While there is no spiritual life in the individual , it may not be one in the family .. our children thus seek ” something” to them ( falsely ) that they are not to feel part of a group .. ie unit … while not feel close to their loved ones ( parents siblings etc . ) will remain prey to addictions (not just drugs and alcohol).

      I have worked with addicts supporting 12-step program , a program that the three legacies where full recovery of the individual supports are: Unity, Service and Recovery ..

      The Unity of the talking Neale D. in his book, unit with a higher power, and the service is giving us another of the same size that Jesus gave .. forgetting ourselves and be compassionate guiding the other being in the wonderful 12 step program … where step 12 says: having had a ” Spiritual Awakening” carry the message and who still suffers aLL apply the principles in every aspect of our lives .. As you can see … the step 12 is the way of life in which the transformation of the individual not only be touching her but everything around him ..

      In short, changing the world by initiating change from within , filling the spiritual vacuum that has to cultivate the spirit not in Unity with God …

      Achieving this or working on this will achieve the decrease of addicts , reducing demand and ending with the mafia and cartels that subject population .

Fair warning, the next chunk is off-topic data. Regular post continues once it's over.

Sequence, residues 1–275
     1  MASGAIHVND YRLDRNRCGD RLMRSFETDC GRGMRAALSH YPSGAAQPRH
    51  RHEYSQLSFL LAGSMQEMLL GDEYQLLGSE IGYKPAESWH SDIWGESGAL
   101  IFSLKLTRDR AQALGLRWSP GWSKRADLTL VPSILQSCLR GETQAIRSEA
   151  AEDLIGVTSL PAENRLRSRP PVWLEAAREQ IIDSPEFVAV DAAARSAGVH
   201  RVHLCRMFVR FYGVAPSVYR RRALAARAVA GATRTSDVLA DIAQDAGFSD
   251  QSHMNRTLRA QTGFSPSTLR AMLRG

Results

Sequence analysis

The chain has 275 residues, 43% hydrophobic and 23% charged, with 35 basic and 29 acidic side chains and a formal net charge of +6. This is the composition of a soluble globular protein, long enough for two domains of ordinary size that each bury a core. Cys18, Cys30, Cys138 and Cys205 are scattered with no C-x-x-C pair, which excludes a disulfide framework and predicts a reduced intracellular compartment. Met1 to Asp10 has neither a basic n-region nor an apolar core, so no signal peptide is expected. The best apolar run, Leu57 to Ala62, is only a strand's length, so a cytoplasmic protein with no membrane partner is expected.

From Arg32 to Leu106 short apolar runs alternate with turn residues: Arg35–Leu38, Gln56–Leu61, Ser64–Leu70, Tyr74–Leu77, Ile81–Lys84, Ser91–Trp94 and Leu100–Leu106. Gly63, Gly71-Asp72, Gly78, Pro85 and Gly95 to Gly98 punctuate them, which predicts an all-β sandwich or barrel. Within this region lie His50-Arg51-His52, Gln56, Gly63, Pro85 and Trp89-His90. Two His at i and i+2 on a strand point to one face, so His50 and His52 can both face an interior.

• This just posted on the Huffington post website:

    The decades-long global war on drugs has failed and it’s time to shift the focus from mass incarceration to public health and human rights, according to a new report endorsed by five Nobel Prize-winning economists.

    The report, titled “Ending the Drug Wars” and put together by the London School of Economics’ IDEAS center, looks at the high costs and unintended consequences of drug prohibitions on public health and safety, national security and law enforcement.

    “The pursuit of a militarized and enforcement-led global ‘war on drugs’ strategy has produced enormous negative outcomes and collateral damage,” says the 82-page report. “These include mass incarceration in the US, highly repressive policies in Asia, vast corruption and political destabilization in Afghanistan and West Africa, immense violence in Latin America, an HIV epidemic in Russia, an acute global shortage of pain medication and the propagation of systematic human rights abuses around the world.”